Auto insurance nationwide rose 6.5 percent in June 2016 over June 2015 without seasonal adjustment, while auto body work has risen only 2.4 percent in that time. Both are ahead of inflation as measured by the Consumer Price Index, which was simply 1 percent.

“Given ongoing auto loss pressure, we continue to seek approval for higher auto prices,” incoming Encompass President Patrick Macellaro told analysts.

Besides seeking more than $1.1 billion in premium increases in 2015, preceded by hundreds of millions more requested in 2013 and 2014, Allstate also last year dialed back expenses, tightened underwriting and sought “excellence” on claims. The call with analysts Thursday indicated that reducing expenses and upping rates contributed the most to sustain Allstate’s financial results.

“Our early recognition of increased frequency and severity along with the aggressive actions we continue to take have enabled us to keep auto margins stable despite the continued challenging auto loss cost environment,” said Macellaro, who was on his last call as the vice president of investor relations.

“If we’d not moved early,” he said later, “our auto returns would be significantly lower and we’d be playing catch-up until well after the loss pressure we and others are experiencing subsides.”

Expense reduction efforts included lower compensation incentives, fewer dollars spent on professional services, and cutting marketing dollars. The company also courted fewer new agents, saving the money it would have spent getting those representatives up and running.

However, the company has launched one new campaign, and “we’re comfortable doing more advertising,” Wilson said. He told analysts to think of it more as marketing, as the company has opted to focus less on TV and more on digital ads, reflecting Americans’ habits.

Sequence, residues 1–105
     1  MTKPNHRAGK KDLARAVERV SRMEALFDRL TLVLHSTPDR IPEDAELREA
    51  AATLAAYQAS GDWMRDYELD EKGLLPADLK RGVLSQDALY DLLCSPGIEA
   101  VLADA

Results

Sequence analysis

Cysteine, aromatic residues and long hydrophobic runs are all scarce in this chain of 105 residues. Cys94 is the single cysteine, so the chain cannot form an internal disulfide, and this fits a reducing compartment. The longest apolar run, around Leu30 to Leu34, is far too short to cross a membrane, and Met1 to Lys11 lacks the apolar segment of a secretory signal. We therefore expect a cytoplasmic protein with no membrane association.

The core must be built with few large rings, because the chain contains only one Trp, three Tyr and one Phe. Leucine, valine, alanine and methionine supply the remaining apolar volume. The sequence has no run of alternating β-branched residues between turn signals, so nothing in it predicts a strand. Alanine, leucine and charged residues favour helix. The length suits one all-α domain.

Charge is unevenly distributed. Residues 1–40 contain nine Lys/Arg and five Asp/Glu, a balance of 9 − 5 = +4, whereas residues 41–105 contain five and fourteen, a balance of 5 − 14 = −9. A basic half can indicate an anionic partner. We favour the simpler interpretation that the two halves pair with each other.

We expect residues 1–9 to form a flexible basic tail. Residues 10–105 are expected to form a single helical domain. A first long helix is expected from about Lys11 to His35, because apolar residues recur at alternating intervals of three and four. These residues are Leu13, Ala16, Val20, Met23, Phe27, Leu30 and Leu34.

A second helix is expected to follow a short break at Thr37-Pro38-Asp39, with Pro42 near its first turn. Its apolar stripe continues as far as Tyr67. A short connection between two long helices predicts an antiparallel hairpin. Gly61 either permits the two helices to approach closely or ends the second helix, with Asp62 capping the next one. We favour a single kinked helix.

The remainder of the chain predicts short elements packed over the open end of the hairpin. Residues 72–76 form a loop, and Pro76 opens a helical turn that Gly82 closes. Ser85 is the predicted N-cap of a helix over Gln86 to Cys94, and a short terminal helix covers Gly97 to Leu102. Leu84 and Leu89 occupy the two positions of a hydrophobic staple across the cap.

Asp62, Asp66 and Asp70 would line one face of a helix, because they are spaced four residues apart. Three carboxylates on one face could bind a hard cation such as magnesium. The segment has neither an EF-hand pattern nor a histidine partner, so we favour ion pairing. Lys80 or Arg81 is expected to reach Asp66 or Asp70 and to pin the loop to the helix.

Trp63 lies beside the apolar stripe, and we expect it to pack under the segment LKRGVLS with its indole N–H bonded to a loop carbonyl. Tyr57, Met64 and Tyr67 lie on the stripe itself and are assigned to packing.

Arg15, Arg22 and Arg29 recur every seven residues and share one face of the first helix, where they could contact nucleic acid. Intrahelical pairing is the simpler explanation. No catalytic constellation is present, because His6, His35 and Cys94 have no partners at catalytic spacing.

More information:

Allstate second-quarter 2016 earnings webcast

Allstate, Aug. 4, 2016

Allstate second-quarter 2016 presentation to investors

Allstate, August 2016

Allstate investor supplement

Allstate, August 2016

“Allstate Net Income Impacted By Catastrophes”

Allstate, Aug. 3, 2016

“Who Pays for What?” 2016 body survey results

Collision Advice and CRASH Network

Images:

An Allstate insurance company sign is seen outside one of its stores Jan. 17, 2008. (Joe Raedle/Getty Images News/Thinkstock file)

Allstate offered this premium data to investors in its second-quarter 2016 presentation. (Provided by Allstate)

Collision repairers surveyed for the recent body labor “Who Pays for What?” study by Collision Advice and CRASH Network reported that Allstate and its other Top 8 insurance competitors all paid direct repair programs and non-DRP shops at least “some of the time.” (1 on a 0-3 scale.) However, only State Farm and USAA were reported to pay “most of the time.” (A 2 on that 0-3 scale.) (Provided by Collision Advice and CRASH Network)

Recent body repair labor rate data from a 2016 “Who Pays for What?” survey. (Provided by Collision Advice and CRASH Network)